Since the grenade attack in Sylhet in May 2004 in which the high commissioner was injured, we have taken every available opportunity to stress to the Government of Bangladesh the importance of bringing the perpetrators to justice, not least for the relatives of those who tragically died. It is vital for the Government of Bangladesh to conclude credible investigations into this and other attacks as soon as possible. Regrettably, despite the high profile of the cases and consistent lobbying by the UK, EU and others in the international community, the Bangladeshi authorities have so far failed to bring these investigations to a satisfactory conclusion.

Most recently, the high commissioner issued a public statement on 21 May on this subject which is available on the website of our high commission in Dhaka at www.britishhighcominission.gov.uk/servlet/Front? pagename==OpenMarket/Xcelerate/Show Page&= Page &cid= 1101397177004&a=KArticle&aid=1145898689339.

Our high commission in Dhaka continues to raise this and other unresolved cases with the Government of Bangladesh at a senior level and on a regular basis.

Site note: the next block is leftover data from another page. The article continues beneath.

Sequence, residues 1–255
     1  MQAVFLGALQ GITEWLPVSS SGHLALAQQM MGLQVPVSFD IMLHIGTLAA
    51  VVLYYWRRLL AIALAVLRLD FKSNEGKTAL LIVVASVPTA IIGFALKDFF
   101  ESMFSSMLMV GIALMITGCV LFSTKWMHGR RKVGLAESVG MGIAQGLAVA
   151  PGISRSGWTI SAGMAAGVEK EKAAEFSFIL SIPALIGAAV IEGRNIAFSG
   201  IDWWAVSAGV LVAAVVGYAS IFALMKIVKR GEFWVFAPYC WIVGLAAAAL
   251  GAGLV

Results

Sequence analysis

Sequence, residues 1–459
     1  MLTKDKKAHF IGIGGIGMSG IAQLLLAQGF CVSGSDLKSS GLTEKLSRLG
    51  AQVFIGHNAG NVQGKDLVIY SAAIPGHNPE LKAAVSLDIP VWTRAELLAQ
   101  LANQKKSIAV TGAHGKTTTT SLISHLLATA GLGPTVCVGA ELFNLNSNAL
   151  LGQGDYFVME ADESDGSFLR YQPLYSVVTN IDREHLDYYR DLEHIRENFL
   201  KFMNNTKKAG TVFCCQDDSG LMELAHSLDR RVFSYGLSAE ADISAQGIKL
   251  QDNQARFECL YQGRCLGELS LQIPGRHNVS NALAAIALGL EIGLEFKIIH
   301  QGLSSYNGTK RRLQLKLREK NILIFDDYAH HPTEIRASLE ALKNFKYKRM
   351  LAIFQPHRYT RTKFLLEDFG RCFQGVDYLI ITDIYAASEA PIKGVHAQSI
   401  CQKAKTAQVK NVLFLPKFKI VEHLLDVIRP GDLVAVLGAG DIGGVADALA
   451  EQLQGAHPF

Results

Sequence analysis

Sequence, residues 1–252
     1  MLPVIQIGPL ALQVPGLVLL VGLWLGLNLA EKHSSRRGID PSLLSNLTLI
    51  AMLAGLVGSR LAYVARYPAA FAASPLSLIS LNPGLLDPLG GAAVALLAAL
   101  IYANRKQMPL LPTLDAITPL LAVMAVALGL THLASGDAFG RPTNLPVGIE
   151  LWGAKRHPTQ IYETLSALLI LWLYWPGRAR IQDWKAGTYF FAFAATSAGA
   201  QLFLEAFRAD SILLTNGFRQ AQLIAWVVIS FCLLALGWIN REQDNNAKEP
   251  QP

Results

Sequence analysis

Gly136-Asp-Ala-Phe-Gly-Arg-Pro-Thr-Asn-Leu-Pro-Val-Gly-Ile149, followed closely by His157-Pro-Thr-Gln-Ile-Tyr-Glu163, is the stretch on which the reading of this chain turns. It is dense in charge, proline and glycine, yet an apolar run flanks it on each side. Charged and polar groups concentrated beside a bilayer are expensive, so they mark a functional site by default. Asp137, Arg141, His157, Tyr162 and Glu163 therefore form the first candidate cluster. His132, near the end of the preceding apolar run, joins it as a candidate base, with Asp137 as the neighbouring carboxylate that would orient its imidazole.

Child Protection: Teachers

asked Her Majesty's Government:

How many teachers have been (a) convicted, or (b) cautioned for child pornography or sexual abuse in (i) England, and (ii) Northern Ireland over the past five years.[HL6515]

The Department for Education and Skills does not record the numbers of teachers cautioned or convicted for child pornography or sexual abuse. The Home Office has data relating to the total number of individuals cautioned or convicted, though these are not broken down by profession.

Commission for Equality and Human Rights

asked Her Majesty's Government:

Further to the Written Answer by the Baroness Andrews on 20 June (WA 69), how government frameworks to ensure transparency in the procurement process are scrutinised; and how members of the public can access the results of such scrutiny and audit reports.[HL6545]